Trump repaid the NRA’s investment by signing a bill that lifted Obama-era limits on gun sales to the mentally ill. Yet, with the departure of the Obama administration, gun sales have sagged; the first black president is no longer around to take your guns, and the NRA-loving Trump is in the White House, so maybe it’s safe to stop hoarding guns? Not so fast, said the NRA. In a despicable propaganda video earlier this year, NRA cheerleader Dana Loesch spun a lurid tale of Black Lives Matters protesters and Women’s Marchers as the latest threat to guns and, yes, freedom. Hollywood liberals, the fake-news media, as well as an ex-president (you know whom they mean) are painting Trump as an illegitimate “Hitler.” Only the NRA—and, yes, more guns—can protect your freedom.

On Monday morning, Trump again repaid the NRA’s $30 million investment with a pathetically passive statement that described the Las Vegas massacre as though it were a natural disaster, never once mentioning the weapons of hell that caused it. He called it “an act of pure evil,” extolled the bravery of police and first responders, and made appeals for love, prayers, and unity. He displayed his trademark lack of empathy about the victims’ families: “We cannot fathom their pain or imagine their loss.” What a strange thing to say: Many of us can, and if we can’t, it’s our human responsibility to try, to bear witness. If we really can’t fathom their pain or loss, we don’t have to do anything about it.

Sadly, we are unlikely to do anything about it. In the wake of the murders, gun stocks are soaring, anticipating a rise in gun sales as the result of a possible move to restrict firearms such as used to be routine after a bloody spree like this one. I don’t think the gun industry has much to worry about. I hope to be proven wrong. Nevada has among the most lax gun laws in the country, with no limits on the number of firearms one can own, no requirement of registration, no limits on automatic weapons. The dead suspect’s brother, Eric Paddock, told reporters: “Find out who sold him the machine gun!” Will any Nevada lawmaker be brave enough to make that an issue?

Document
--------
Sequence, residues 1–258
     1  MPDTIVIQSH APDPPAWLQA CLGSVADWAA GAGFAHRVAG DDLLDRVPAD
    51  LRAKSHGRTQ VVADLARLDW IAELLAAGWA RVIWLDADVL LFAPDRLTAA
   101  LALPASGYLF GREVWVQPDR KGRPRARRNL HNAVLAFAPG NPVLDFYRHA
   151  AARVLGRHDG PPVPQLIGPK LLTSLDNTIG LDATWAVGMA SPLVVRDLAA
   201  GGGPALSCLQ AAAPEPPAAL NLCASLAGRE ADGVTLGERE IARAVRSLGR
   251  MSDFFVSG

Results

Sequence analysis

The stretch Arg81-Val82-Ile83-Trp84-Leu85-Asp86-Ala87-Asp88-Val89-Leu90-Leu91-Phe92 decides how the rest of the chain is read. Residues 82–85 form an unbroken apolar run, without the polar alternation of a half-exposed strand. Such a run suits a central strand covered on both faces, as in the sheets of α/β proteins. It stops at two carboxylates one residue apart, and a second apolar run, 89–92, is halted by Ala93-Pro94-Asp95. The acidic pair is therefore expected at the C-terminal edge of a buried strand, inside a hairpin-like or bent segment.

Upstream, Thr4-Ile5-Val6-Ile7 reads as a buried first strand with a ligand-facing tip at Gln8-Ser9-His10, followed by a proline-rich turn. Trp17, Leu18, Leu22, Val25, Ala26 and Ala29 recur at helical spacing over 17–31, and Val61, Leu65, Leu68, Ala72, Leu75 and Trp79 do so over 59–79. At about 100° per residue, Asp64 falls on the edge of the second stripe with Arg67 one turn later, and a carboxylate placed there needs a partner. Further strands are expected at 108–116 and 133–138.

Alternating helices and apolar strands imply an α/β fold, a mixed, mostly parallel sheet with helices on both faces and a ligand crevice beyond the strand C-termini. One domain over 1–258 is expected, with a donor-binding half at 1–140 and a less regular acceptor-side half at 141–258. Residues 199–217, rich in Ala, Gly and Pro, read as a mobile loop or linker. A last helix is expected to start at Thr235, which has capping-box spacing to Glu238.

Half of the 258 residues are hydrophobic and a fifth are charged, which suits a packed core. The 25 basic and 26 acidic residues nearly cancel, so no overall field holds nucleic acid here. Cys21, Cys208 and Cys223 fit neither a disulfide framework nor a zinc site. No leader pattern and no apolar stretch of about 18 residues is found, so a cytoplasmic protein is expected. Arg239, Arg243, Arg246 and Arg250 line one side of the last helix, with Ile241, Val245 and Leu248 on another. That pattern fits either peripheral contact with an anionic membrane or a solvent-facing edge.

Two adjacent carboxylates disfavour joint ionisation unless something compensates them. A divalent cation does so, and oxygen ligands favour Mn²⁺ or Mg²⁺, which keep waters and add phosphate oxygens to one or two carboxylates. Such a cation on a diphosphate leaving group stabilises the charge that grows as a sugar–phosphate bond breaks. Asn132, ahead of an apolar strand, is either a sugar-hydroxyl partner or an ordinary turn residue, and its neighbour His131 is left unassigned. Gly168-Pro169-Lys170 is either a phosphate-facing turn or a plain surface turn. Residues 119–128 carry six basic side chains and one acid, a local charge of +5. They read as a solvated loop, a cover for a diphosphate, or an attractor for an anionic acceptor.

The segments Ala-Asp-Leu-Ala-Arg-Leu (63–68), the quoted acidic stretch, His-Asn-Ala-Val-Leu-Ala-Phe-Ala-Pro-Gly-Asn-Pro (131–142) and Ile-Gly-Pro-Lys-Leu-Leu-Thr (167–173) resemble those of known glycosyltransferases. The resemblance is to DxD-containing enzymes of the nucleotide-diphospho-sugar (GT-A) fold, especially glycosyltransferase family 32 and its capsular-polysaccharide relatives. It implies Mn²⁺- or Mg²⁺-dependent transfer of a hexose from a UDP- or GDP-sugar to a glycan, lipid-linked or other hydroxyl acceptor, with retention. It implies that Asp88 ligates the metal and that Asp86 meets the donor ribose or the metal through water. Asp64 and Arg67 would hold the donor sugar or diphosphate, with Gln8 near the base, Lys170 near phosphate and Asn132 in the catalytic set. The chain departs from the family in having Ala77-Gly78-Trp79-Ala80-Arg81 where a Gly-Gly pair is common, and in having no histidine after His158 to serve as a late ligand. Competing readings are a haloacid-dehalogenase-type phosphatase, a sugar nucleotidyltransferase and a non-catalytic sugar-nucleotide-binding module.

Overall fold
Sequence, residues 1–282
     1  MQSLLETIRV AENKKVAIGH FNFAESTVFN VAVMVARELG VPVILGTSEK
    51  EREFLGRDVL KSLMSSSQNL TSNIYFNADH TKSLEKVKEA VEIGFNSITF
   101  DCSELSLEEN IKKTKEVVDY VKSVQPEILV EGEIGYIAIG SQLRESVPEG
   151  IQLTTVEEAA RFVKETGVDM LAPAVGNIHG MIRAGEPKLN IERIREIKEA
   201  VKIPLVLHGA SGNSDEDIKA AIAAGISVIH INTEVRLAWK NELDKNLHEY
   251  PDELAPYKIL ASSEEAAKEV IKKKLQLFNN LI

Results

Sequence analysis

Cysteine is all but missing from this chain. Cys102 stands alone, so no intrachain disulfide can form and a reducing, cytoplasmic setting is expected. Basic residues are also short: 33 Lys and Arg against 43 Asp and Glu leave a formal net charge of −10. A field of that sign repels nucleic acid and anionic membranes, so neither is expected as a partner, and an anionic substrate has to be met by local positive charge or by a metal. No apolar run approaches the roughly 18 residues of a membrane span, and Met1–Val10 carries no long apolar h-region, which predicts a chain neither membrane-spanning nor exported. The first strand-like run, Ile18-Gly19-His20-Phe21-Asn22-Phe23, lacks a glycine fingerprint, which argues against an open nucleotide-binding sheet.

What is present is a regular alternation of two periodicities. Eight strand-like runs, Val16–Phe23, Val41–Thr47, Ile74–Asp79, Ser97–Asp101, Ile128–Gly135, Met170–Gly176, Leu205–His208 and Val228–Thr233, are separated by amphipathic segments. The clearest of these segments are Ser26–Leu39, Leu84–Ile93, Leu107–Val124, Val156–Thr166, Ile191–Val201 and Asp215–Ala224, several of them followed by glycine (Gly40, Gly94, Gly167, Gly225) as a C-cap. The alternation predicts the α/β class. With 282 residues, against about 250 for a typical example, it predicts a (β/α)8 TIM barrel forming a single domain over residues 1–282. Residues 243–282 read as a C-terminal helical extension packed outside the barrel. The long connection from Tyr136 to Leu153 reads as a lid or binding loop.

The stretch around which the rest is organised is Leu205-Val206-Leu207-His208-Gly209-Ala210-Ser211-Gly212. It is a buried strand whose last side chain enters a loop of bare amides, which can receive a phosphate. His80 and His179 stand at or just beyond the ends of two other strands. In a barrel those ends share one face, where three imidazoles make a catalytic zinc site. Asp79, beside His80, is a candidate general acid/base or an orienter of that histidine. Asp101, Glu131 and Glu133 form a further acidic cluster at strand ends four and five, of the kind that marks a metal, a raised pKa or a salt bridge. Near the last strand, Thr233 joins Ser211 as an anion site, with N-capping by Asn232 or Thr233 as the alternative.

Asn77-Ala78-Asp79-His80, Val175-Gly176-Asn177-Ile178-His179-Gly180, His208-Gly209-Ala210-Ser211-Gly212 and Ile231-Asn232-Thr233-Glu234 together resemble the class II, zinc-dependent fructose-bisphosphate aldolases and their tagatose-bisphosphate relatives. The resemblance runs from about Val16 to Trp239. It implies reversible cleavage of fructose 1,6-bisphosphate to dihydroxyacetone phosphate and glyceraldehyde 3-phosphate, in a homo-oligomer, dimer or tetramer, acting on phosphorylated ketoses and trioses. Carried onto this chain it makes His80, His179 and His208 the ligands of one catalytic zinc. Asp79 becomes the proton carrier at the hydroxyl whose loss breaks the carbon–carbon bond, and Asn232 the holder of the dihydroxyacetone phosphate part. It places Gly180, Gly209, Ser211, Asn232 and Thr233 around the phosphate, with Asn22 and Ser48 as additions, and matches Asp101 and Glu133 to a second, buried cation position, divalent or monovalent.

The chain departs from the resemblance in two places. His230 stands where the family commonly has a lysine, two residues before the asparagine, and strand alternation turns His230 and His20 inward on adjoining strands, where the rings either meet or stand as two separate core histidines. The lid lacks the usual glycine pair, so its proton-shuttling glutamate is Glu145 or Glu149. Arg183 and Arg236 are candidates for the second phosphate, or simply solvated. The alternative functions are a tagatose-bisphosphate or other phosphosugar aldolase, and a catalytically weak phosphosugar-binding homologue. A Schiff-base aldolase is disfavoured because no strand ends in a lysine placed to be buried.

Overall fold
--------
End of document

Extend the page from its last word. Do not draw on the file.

This morning, White House press secretary Sarah Huckabee Sanders announced that Trump still planned to visit Puerto Rico this week. That’s good—there’s plenty he could do to help the storm-ravaged island. One easy helpful move would be to shut down his Twitter attacks on San Juan Mayor Carmen Cruz and on the people of Puerto Rico as lazy. With reports over the weekend that the commonwealth’s morgues are filling up, there may well have been more than 50 deaths last night there. But their slow-motion tragedy has been nearly blasted out of the news by this cruel assault on people Trump more easily sees as real Americans.

President Obama used to use these occasions, which hit him all too frequently in his eight years, to search for ways to prevent future tragedies, usually ideas for gun-safety legislation and mental-health funding. In his brief remarks Monday, Trump did nothing of the kind. He seemed to warn against “searching for some kind of meaning; the answers do not come easy.” I preferred the response to the massacre that came from Senator Chris Murphy, who represents Newtown, Connecticut: “It’s time for Congress to get off its ass and do something.”

We’ll see, but I’m not optimistic. The president rode a wave of white male paranoia and perceived lost power to the White House; the GOP has stoked those emotions for 50 years. It’s hard to imagine this president, or this Congress, begin to unravel the connections they’ve woven between masculinity, power, guns, and violence. The best short-term outcome I can see? Trump may be too busy to tweet insults and up the likelihood of war with North Korea’s Kim Jong-un.